How a Better Executive S&OP Maturity Model Ensures Better Business Results

By Juha Martikainen | Director, Chainalytics | In this first post in a two-part blog series, we will present the four maturity steps necessary to achieve...

By Juha Martikainen | Director, Chainalytics |

In this first post in a two-part blog series, we will present the four maturity steps necessary to achieve state-of-the art S&OP. Part 2 will address the data and supporting tools related to each maturity step.

The long-established executive sales and operations planning (S&OP) process framework has been implemented in thousands of organizations. And as result, there are more than a handful of maturity models to help organizations understand where they are relative to other organizations and where to focus to improve their processes to support your best supply chain approaches.

Maturity models are seldom an “exact fit” for any particular company, but they do provide an extremely useful benchmark for companies to use to identify the biggest improvement potential.

We normally begin our executive S&OP improvement engagements by mapping our client’s executive S&OP maturity. Although there are multiple very good theoretical maturity models (including widely cited theoretical maturity models like Gartner’s five-stage S&OP maturity model), we developed a simple four-step maturity framework to help businesses better understand the impact of the decision making in the executive S&OP process and the level of integration to other business processes:

Step 1. Cross-Functional Planning The most striking difference between Chainalytics’ model and other maturity models is that in order to reach our first maturity level, the organization actually needs to have both a closed-loop executive S&OP process in place with demand and supply review phases, but also a structured executive-level S&OP meeting.

The key emphasis in this step is setting up the structured (usually) monthly process and meetings for review. This step can take a lot of effort and change management to get the foundation laid, but it’s mandatory to ensure the organization’s ability to reach the next maturity steps. Taking time to define roles and responsibilities and planning data hierarchies and seamless flow of information within the process will be rewarded. Some of best practices that many companies neglect at this step are:

         Taking time to clearly define roles and responsibilities, meeting agendas and monthly calendars

         Setting up planning metrics early on in the process to be able to really understand how the plan improves when maturity increases

         Defining a process for maintaining planning data as part of the monthly process (not the sexiest part of the process, this portion is tedious, but one the key success factors in making the executive S&OP process work)

         Focusing on defining useful planning hierarchies and modeling a seamless flow of S&OP data through the process, considering, for example, value-to-pieces conversion and aggregation/disaggregation rules to be able maintain one set of numbers that is meaningful for every function in the process

Step 2. Scenario Planning Once the organization has the maturity to manage planning with one set of numbers, it can consider jumping to the next maturity level, creating multiple/optional plans and finally selecting one. The most common way to address scenario planning is to consider two (upside, downside) or three (neutral, upside, downside) demand plans. All the demand plans are then normally also addressed from a supply perspective. Although this sounds simple on paper, it does create much more complexity from both process and tool perspectives. Another common approach is to use scenarios in supply planning. For example, a company might want to understand the implications of applying various capacity constraints in its supply chain and compare the impact to purely demand-based unconstrained plan without any capacity bottlenecks.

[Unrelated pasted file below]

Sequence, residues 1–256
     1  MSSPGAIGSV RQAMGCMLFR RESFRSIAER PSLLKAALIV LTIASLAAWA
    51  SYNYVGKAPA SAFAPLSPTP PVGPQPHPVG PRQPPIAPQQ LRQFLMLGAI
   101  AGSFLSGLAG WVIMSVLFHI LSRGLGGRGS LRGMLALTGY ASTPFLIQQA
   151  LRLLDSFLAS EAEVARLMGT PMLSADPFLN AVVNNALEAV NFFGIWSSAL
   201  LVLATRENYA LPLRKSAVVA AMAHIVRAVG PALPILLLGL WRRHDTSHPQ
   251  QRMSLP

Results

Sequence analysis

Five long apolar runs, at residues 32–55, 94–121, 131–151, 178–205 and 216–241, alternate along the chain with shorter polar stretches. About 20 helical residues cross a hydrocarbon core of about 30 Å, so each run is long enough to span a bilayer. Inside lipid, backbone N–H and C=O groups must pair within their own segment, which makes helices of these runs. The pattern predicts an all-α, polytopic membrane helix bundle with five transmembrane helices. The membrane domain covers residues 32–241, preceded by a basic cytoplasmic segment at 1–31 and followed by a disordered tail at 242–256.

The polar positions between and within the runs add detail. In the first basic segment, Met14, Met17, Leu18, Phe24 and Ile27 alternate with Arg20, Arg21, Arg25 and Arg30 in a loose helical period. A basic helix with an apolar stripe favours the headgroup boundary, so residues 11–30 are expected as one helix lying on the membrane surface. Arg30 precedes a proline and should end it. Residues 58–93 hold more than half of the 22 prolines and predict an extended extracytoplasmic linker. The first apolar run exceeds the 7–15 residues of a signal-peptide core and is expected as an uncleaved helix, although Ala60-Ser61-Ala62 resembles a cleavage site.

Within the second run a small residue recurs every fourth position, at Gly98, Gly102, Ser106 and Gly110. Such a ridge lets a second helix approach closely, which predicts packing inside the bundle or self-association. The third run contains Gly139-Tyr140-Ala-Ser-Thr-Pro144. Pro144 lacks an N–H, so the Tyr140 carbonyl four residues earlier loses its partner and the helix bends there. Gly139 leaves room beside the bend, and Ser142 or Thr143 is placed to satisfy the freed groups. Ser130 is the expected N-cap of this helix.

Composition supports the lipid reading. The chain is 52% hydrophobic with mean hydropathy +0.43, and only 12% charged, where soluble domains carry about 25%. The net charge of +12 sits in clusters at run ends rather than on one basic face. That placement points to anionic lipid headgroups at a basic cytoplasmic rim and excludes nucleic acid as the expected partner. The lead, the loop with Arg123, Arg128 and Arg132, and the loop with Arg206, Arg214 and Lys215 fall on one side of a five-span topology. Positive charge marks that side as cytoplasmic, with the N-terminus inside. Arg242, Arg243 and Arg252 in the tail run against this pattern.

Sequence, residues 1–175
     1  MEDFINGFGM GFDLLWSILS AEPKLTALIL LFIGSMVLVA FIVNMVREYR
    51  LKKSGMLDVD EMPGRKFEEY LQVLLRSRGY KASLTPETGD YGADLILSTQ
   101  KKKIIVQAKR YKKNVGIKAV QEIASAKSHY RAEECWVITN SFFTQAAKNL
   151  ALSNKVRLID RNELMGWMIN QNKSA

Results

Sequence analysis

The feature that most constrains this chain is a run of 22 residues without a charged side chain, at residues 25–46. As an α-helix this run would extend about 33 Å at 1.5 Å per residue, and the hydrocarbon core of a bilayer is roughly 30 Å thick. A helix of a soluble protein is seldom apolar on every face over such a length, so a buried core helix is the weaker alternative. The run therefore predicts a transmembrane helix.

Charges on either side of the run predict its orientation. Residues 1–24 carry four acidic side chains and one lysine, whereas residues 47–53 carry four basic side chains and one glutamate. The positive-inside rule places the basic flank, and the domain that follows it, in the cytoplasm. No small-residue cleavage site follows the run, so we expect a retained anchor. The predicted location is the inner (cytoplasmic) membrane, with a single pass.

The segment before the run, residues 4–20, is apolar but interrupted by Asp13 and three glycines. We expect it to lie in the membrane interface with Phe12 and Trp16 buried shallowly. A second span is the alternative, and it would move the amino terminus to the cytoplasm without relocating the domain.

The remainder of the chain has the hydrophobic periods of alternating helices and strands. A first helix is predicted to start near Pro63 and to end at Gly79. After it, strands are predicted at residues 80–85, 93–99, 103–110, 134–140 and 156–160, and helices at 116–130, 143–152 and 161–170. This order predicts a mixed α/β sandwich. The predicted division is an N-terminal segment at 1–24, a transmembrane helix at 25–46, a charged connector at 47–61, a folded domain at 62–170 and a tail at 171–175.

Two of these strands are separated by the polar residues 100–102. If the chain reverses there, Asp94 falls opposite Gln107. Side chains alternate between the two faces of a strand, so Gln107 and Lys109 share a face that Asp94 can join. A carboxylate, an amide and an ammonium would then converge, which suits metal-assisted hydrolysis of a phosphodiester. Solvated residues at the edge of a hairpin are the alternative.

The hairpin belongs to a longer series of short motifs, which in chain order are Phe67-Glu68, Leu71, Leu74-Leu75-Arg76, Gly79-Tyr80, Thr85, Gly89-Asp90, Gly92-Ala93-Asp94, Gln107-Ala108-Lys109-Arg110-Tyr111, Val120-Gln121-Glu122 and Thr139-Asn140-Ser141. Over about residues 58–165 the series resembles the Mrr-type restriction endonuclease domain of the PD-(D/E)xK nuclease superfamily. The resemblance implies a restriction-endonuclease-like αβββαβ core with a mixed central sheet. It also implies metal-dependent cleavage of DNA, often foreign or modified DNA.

Step 3. Profit Optimization From a financial consolidation perspective, the first requirement in the step is to understand revenue (net sales) plans. Many companies that are already in maturity steps 1 or 2 in order to understand the value-based plans to better understand the business impacts of the plan and different scenarios.  In the third step, the companies are aiming to further tie the S&OP to financial planning by starting to plan costs and gross margins and eventually use rolling plans from S&OP as the basis for financial budgeting.

Step 4. Profit Optimization with Network Design Modeling After mastering the financial integration in S&OP, companies are considered to be functioning at a high S&OP maturity level. However, even this advanced stage can be improved to achieve truly state-of-the-art S&OP. Most companies run their S&OP purely based on their current network structure. The last step involves running S&OP by assessing changes on the supply chain design to ensure profitability. Understanding the impact to the overall profitability of the changes across the supply chain provides the means to realize the full potential of S&OP as the key decision making process in your organization.

As you can see, Chainalytics’ unique S&OP approach provides insights, planning capabilities and financial benefits that go far beyond those of many organizations, enabling more efficient businesses with better supply chain optimization. Following Chainalytics’ four-step maturity model can be a win-win for every part of your organization.

Juha Martikainen is a director at Chainalytics and has worked extensively in supply chain management and business process management consulting, including business concepting, business process automation, process improvements, solution architecture design, and implementation, training, etc.  

In this article